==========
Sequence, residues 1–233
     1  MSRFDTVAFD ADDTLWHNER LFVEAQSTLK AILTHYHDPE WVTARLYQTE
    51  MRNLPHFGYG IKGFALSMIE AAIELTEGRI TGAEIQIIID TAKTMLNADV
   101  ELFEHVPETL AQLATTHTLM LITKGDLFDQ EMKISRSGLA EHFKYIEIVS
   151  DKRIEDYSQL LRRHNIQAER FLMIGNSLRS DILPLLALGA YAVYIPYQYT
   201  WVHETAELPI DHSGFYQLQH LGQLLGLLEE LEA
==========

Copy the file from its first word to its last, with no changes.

Sequence, residues 1–233
     1  MSRFDTVAFD ADDTLWHNER LFVEAQSTLK AILTHYHDPE WVTARLYQTE
    51  MRNLPHFGYG IKGFALSMIE AAIELTEGRI TGAEIQIIID TAKTMLNADV
   101  ELFEHVPETL AQLATTHTLM LITKGDLFDQ EMKISRSGLA EHFKYIEIVS
   151  DKRIEDYSQL LRRHNIQAER FLMIGNSLRS DILPLLALGA YAVYIPYQYT
   201  WVHETAELPI DHSGFYQLQH LGQLLGLLEE LEA